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Home. Page I. Page III.

The Beginning - Page II.

Before we start this section, I think it might be a good idea if you pop along and have a look at the AutoCAD Object Model. In fact, print it out and have it next to you as you work through these tutorials. It's just like having a road map.

Anyway, where were we? Oh, yes. We are now going to try and extract the AutoCAD Support Path from the Object Model using VLisp. We'll take it right from the top just in case you got a bit lost. Here we go. Type all of the following statements into the Console window, pressing "Enter" after each one :
(The lines in red are what VLisp returns, don't type them!)

Load the VLisp support
_$ (vl-load-com)

Store a reference to the Application Object
_$ (setq acadObject (vlax-get-acad-object))
#<VLA-OBJECT IAcadApplication 00adc088>

Store a reference to the Preferences Object
_$ (setq prefsObject (vlax-get-property acadObject 'Preferences))
#<VLA-OBJECT IAcadPreferences 018adfdc>

Store a reference to the Files Object
_$ (setq tabnameObject (vlax-get-property prefsObject 'Files))
#<VLA-OBJECT IAcadPreferencesFiles 018adfc0>

Get the Support Path
_$ (setq thePath (vlax-get-property tabnameObject 'SupportPath))
"D:\\ACAD2000\\SUPPORT;D:\\ACAD2000\\FONTS;
D:\\ACAD2000\\HELP;D:\\ACAD2000\\EXPRESS"


"Jings, that's great, but can we add a new directory to our Support Path?"
Of course we can, but first we need to add our new path to the existing path variable. What should we use? Easy, let's just use the (strcat) function :

_$ (setq thePath (strcat thePath ";" "C:\\TEMP"))
"D:\\ACAD2000\\SUPPORT;D:\\ACAD2000\\FONTS;
D:\\ACAD2000\\HELP;D:\\ACAD2000\\EXPRESS;C:\\TEMP"


We've added the new directory to the Support Path variable, so now let's update it.
Type in this line:

_$ (vlax-put-property tabnameObject 'SupportPath thePath)
nil

Now, return to AutoCAD and go to "Tools" - "Options" - "Files" - "Support Search Path". Your new directory, C:/TEMP, should have been added to your Support Path. Dead easy Hey? This Vlisp stuff is easy!!!


Right, we've opened the filing cabinet AutoCAD drawer (the Application Object) and had a look at the characteristics of that drawer. Now we need to delve into the drawer and have a look at one of the document folders stored inside.

_$ (vl-load-com)

_$ (setq acadObject (vlax-get-acad-object))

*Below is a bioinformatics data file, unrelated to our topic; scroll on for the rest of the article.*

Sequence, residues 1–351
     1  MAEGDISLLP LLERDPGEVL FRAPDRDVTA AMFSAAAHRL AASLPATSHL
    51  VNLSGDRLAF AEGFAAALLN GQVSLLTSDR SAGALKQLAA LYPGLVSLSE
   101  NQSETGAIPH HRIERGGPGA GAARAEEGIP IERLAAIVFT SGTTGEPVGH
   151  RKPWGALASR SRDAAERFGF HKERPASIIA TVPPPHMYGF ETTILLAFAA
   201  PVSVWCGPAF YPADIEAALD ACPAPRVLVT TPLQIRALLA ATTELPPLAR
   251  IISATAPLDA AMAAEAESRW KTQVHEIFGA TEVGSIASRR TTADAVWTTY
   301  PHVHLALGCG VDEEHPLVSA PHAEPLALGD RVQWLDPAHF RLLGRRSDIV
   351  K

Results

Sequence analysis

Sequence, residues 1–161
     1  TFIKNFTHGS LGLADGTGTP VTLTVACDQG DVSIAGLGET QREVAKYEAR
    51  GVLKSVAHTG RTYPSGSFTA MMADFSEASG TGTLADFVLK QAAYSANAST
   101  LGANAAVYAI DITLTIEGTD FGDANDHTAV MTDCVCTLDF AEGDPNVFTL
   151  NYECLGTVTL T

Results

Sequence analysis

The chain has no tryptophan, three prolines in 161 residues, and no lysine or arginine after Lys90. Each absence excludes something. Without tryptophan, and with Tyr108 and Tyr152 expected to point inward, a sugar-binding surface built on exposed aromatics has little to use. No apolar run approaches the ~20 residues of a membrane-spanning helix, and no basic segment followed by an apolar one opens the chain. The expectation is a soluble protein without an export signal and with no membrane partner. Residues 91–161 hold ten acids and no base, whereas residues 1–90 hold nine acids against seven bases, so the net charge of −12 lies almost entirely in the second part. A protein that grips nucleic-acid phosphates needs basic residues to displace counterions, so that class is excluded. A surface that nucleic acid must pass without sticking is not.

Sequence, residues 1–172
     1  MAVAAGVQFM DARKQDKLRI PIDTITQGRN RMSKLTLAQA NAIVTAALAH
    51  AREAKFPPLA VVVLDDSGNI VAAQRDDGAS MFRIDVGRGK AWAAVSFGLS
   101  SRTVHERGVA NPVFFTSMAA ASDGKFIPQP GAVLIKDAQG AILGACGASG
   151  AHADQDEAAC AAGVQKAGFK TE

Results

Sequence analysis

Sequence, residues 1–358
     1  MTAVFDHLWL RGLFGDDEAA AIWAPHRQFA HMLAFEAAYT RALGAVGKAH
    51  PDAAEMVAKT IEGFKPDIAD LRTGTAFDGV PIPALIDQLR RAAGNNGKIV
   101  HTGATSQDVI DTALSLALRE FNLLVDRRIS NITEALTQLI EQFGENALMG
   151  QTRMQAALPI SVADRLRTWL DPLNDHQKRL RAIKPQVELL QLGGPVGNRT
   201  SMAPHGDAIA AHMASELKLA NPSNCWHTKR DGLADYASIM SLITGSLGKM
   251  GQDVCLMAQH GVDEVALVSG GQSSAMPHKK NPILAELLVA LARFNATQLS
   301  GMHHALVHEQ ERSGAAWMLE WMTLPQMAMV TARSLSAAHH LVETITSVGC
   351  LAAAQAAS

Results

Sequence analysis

#<VLA-OBJECT IAcadApplication 00adc088>

Store a reference to the Active Document. (the drawing you fool!)
_$ (setq acadDocument (vla-get-ActiveDocument acadObject))
#<VLA-OBJECT IAcadDocument 00ee0f84>

Double click to select the variable "acadDocument" and add it to the "Watch" Window :

Now double click on "ACADDOCUMENT" Object.

Wow, look at all that! Now double click on <Layers> :

Ha, we've now drilled down to all the layers contained in the drawing. In other words, the "Layers Collection".
"Alright, that's great," I can hear you say, "I can see that there are 13 layers in this drawing, but where are the layers? Right enter this :

_$ (vl-load-com)

_$ (setq acadDocument (vla-get-activedocument (vlax-get-acad-object)))
#<VLA-OBJECT IAcadDocument 00ee0f84>

_$ (setq theLayers (vla-get-layers acadDocument))
#<VLA-OBJECT IAcadLayers 018aee84>


We are now proud owners of all the layers in this particular drawing. Would you like to have a wee look at them? Just be very careful and don't drop them!
Enter the following at the Console prompt, pressing "Ctrl" then "Enter" after each line. After the final line, the closing parenthesis, press "Enter" :

_$ (setq i 0)
(repeat (vla-get-count theLayers)
(setq aLayer (vla-item theLayers i))
(princ (vla-get-name aLayer))
(terpri)
(setq i (1+ i))
)


All the layer names in your drawing should be listed. Mine looks like this :


0
1
2
3
4
5
6
7
8
9
10
12

DEFPOINTS

Would you like to have a closer look at one of the layers in your drawing? Then type this :

(setq aLayer (vla-item theLayers "2"))
#<VLA-OBJECT IAcadLayer 018aeec4>

We have now accessed Layer "2" from the Layers Collection. Let's list all the properties and methods of this Layer :

_$ (vlax-dump-object aLayer T)

; IAcadLayer: A logical grouping of data, similar to transparent acetate overlays on a drawing
; Property values:
; Application (RO) = #<VLA-OBJECT IAcadApplication 00adc088>
; Color = 2
; Document (RO) = #<VLA-OBJECT IAcadDocument 00ee0f84>
; Freeze = 0
; Handle (RO) = "40"
; HasExtensionDictionary (RO) = 0
; LayerOn = -1
; Linetype = "DASHED2"
; Lineweight = -3
; Lock = 0
; Name = "2"
; ObjectID (RO) = 21872128
; ObjectName (RO) = "AcDbLayerTableRecord"
; OwnerID (RO) = 21871632
; PlotStyleName = "Color_511"
; Plottable = -1
; ViewportDefault = 0
; Methods supported:
; Delete ()
; GetExtensionDictionary ()
; GetXData (3)
; SetXData (2)
T


Want to change your Layers color? Enter this :

_$ (vla-put-color aLayer 4)
nil

This will have changed your Layer "2" color to "Cyan" or color "4", including the color of all Objects within the drawing on Layer "2" with color "ByLayer".


Have a look around at the Document Object. There's stacks to see and drool over. Can you now see the power and capabilities of Visual Lisp?

On the next page we'll go even deeper and start to have a look at creating, selecting and changing drawing entities.

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